Mistakes Made In An Interview – Can Cost You A Job Offer

July 11, 2013 |

That first impression can be a great beginning, or a quick ending to your interview. Three areas of performance, that  should be considered dangerous and deadly:

1.Poor non-verbal communication image

  •  Show confidence by believing in yourself and showing it. (head held high – shoulders back)
  • Good eye contact is essential. (Note the color of the interviewer’s eyes.)
  • Connect with a good, firm handshake. (No limp noodles or bone crushers wanted)
  • Posture is a key indicator of confidence. Sit and stand erect. (Slumping = lazy attitude.)

2. Poor verbal communication skills

  • Good communication skills include listening and letting the person know you heard what they said.  (“Sounds like…”
  • Observe your interviewer’s style and pace  –  match that style and  pace.
  • Use appropriate language. (Beware of using slang words or references to age, race, religion, politics, or sexual preferences) No, “You guys…”
  • Telling the interviewer more than they need to know could be a fatal mistake. (Too much information – particularly personal information – could get into some areas that are best not discussed in an interview.)

3. Not asking questions – big mistake.

  • When asked, “Do you have any questions?” if you answer “No,”  –  WRONG answer!
  • Asking questions gives you the opportunity to show your interest. (The best questions come from listening to what is said and asked during the interview. Ask for additional information.)
  • Asking questions gives you the opportunity to find out if this is the right place for you. (Your chance to find out what goes on in the company.)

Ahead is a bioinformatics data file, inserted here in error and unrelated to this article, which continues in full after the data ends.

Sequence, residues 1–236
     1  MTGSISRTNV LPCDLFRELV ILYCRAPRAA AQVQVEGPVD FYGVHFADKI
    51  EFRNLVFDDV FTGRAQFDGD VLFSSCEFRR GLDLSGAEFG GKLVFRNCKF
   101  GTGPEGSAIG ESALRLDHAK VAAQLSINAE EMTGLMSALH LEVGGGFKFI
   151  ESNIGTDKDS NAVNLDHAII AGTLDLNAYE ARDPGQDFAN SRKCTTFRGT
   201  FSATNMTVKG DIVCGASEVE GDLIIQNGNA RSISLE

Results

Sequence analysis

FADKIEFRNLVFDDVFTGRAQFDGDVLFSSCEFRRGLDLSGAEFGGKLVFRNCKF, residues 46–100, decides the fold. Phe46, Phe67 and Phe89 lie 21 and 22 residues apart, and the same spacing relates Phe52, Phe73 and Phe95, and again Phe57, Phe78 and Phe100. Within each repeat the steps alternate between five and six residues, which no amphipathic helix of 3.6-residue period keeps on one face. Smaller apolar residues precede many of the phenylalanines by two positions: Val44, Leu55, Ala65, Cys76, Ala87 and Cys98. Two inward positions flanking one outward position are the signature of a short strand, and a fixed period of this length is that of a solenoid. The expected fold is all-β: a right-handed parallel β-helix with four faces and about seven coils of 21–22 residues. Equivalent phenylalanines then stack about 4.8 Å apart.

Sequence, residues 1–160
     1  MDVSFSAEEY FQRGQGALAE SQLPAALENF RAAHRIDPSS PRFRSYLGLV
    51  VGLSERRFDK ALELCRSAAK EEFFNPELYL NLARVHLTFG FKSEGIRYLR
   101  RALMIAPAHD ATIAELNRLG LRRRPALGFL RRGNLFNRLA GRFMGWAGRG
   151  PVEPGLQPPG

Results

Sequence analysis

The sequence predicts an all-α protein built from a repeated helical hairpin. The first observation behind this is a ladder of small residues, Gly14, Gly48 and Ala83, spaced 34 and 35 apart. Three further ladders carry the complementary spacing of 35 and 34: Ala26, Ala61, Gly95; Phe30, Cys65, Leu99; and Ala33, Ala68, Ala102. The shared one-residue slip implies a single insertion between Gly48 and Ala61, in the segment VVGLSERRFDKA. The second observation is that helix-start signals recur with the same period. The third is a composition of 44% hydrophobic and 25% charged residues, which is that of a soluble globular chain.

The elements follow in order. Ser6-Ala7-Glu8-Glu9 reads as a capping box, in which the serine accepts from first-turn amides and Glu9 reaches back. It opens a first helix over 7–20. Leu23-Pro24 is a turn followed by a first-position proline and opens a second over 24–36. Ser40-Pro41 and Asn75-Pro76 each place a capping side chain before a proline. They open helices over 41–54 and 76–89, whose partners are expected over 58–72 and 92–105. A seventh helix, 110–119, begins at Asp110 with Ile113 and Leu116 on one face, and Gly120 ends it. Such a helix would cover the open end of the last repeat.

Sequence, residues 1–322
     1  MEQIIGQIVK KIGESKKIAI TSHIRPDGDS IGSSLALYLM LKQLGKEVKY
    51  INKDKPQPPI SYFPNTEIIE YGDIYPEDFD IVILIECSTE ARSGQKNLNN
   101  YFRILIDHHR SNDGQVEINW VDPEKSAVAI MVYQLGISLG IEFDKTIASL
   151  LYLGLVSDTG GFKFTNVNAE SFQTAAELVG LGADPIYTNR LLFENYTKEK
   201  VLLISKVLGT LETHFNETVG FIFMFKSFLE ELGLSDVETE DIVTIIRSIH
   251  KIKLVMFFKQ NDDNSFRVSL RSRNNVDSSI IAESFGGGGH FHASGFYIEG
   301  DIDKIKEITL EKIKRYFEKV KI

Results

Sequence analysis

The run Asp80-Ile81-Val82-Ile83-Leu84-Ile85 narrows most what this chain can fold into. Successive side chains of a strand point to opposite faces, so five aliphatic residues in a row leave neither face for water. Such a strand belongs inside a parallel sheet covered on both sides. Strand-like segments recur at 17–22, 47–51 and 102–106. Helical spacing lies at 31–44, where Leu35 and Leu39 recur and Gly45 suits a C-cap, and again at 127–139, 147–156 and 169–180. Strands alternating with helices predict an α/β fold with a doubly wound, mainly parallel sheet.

What’s the best way to know whether you are breaking any of these rules – get feedback.  It’s important that the feedback be straight-forward and honest. Otherwise, you will keep making the same mistakes.

Give yourself every advantage by preparing and practicing before the interview. Be aware of your verbal and non-verbal performance and the messages you are sending. It could make the difference between a job offer or not.

For more information: www.interviewcoach.com/blog

About Carole Martin

The Interview Coach, Carole Martin, is a celebrated author, job coach, and speaker on the subject of interviewing and recruiting. A contributing writer at Monster.com and featured on talk radio, Carole is using her proven methods for coaching job seekers on competitive interviewing skills in technical and non-technical industries. Learn more about her Federal Agency Interview Coaching and Coaching for Business Interviews at www.interviewcoach.com.
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  1. Former Medic says:

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  2. Ron says:

    #1 tell me about your self?
    #2 why should we hire you?

    • Jeffrey Dorfman says:

      Staple questions they almost always ask, or at least, they should. Be prepared with good answers to these and more.

    • Kathy says:

      So true! As if there is a common book, "Interviewing 101". Not only are your answers important but so is the way you phrase them. #1 is not asking for personal information such as marital status (those questions are not legal), but rather your professional, public self. #2 …think "What will you bring to our company that will further our cause and we don't already have?" This is the question that shows whether you have done your homework or not.

  3. Kathy says:

    It is sometimes difficult to ask questions of the interviewer, so two that might open the conversation are:
    "Why did this job become available?" and "What is the turn-over rate with this company?"
    These are straight forward questions relating to the environment into which you are considering investing your life.

    • Redtailedhawk says:

      And another question would be, Tell me why you have asked me to this interview? What qualifications do you see in me that makes you think I am the one for the job ? Those throw the interviewers for a loop. They have to stop and rethink their pointed one-sided process before they can answer.

      • redtailedhawk says:

        Moreover, many interviewers think the process is simply a way to get away from their jobs for a time, with free "vacation" time, free motel, and free eats.